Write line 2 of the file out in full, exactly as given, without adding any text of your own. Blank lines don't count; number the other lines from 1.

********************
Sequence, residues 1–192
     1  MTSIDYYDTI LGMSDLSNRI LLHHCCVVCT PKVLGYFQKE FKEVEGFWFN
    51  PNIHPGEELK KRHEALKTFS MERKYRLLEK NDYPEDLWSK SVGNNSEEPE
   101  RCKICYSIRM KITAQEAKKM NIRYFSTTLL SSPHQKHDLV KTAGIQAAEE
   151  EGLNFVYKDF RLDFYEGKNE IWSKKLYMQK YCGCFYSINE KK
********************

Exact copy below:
     1  MTSIDYYDTI LGMSDLSNRI LLHHCCVVCT PKVLGYFQKE FKEVEGFWFN